Reading digg today I discovered this list of Linux One Liners claimed to be the "best". However, it's far from best, and simply downright pathetic.

I'll go over each of these so called best one liners and improve on them significantly. For the sake of brevity, I'll only list the command, not the full description.

date | awk -F : '{ print $1 ":" $2 }' | awk '{ print $1 " " $2 " " $3 }' This is just dumb, date prints the date, as in the example: Sat Jan 3 05:16:06 EST 2004. The first pipe to awk outputs Sat Jan 3 05:16. The second pipe to awk prints Sat Jan 3. This would have the exact same effect if the first pipe to awk were entirely removed.

ping -w2 opentechsupport.net | grep "packets transmitted," | awk '{print $6}' | awk -F% '{print $1 " percent lost packets, duder"}' This one is rather pathetic. First of all, ping under Linux runs forever, so you'll never get an output. Secondly, the author is claiming awk to be a great tool, and it is. However he doesn't understand it in the slightest. Again there's an extra call to awk, but to compound things there's a completely unneccessary call to grep. To make matters worse, he's striping "% packet loss" from the output and adding "percent lost packets, duder" in the command line. I fail to understand how this is the slightest bit helpfu. Try this instead: ping -c 2 opentechsupport.net | awk -F , '/packets/ {print $3}'.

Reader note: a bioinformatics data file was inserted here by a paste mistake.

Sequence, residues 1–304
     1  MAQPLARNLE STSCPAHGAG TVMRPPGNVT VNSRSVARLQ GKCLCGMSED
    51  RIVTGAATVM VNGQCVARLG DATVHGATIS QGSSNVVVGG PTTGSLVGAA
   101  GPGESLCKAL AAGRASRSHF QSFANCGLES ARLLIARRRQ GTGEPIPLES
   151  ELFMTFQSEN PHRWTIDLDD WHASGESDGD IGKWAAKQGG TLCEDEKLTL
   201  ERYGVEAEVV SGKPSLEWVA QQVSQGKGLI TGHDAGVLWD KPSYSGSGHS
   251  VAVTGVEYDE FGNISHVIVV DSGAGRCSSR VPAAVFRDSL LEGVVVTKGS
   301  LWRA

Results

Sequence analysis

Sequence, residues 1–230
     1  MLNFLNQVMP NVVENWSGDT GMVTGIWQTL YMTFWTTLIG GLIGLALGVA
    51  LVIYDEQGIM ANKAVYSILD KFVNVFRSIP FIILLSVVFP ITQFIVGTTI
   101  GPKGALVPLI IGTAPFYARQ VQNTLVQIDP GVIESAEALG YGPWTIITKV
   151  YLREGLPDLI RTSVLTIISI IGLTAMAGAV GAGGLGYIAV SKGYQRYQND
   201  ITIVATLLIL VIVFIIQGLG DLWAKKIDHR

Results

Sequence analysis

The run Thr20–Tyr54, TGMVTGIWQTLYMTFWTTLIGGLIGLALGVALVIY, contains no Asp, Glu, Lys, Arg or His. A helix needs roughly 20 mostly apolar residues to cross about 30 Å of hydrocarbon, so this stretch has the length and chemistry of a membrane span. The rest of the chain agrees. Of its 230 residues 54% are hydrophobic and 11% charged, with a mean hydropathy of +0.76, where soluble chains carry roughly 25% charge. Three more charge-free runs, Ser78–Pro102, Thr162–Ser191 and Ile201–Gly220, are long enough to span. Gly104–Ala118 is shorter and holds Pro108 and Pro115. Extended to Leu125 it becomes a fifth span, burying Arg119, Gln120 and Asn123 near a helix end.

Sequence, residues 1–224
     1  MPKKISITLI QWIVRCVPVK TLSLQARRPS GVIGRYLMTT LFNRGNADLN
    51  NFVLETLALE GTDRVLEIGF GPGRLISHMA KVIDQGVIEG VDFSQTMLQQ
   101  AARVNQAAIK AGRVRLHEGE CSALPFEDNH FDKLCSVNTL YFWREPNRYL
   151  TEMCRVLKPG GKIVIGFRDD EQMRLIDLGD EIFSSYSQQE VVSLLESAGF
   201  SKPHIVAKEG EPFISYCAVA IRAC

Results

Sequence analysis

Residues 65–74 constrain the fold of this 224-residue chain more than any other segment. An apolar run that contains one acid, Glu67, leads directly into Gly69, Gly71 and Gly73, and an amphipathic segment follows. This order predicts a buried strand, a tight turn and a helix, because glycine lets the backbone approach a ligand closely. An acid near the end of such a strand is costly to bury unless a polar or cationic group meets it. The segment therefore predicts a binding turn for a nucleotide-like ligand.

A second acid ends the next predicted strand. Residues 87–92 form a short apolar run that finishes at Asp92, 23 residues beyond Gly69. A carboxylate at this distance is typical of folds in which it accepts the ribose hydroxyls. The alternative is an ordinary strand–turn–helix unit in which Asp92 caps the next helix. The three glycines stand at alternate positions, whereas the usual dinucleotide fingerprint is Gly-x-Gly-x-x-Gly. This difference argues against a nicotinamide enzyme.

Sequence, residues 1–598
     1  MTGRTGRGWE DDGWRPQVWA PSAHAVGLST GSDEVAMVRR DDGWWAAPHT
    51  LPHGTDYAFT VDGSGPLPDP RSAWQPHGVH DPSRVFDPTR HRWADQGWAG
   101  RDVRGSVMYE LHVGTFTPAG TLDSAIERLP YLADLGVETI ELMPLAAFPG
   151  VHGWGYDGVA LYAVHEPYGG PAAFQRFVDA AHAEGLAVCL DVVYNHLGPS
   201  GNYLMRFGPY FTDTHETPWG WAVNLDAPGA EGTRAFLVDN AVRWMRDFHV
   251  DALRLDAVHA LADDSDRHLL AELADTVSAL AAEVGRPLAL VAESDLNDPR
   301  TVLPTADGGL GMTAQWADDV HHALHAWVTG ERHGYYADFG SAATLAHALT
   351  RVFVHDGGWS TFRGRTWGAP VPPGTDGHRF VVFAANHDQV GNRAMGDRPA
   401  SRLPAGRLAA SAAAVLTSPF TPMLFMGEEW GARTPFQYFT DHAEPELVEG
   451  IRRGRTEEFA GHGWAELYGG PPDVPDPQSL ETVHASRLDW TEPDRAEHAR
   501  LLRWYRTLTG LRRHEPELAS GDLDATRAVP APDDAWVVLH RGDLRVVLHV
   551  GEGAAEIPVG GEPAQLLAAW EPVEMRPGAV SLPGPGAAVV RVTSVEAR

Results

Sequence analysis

ps -ef | grep ppp | awk '{ print $2 }' | xargs kill -9 Apparently he's never heard of the killall command. A much simpler one liner is killall -9 pppd.

ls -1 /bin | xargs -l1 whatis 2>/dev/null | grep -v "nothing appropriate" > binhelp.txt This one isn't so bad, but it's still chock full of pointlessness. Let's break it down. First of all, ls -1 is redundant. -1 is implied whenever the output is not STDOUT. Second, xargs -l1 whatis 2>/dev/null, using -l1 is unneccessary, since whatis can handle multiple input arguements and handles them correctly. Third, sending error output to /dev/null while a noble attempt, whatis should only produce errors if there's a permissions or disk error on the whatis database which will make this whole excercise pretty useless. Finally, why send all the output to a text file? That means you type grep foo binhelp.txt instead of whatis foo when you want to find out what a command does. Plus, the whatis keeps itself updated and your text file wont. For something useful, run this command: whatis /bin/* | lp.

grep -i href Bash.html | grep -v '#' | awk -F\" '{ print "http://www.faqs.org/docs/abs/HTML/" $2 }' | xargs -l1 wget -U mozilla This one is the most correct, if not having a very fine point to it. Once again, the first grep should be incorporated into the awk command.

Amazingly with the previos crap, he manages to get the if, $RANDOM and for right, then goes right back to idiotic. To count the number of files in a directory he suggest a for loop, then ls /mnt/cdrom/* | grep -c . and finally ls | cat -n. Ever hear of wc and its -l switch? Oh, and ls * piped to anything to count the number of files will give wrong results if there are any directories. Use ls -d instead.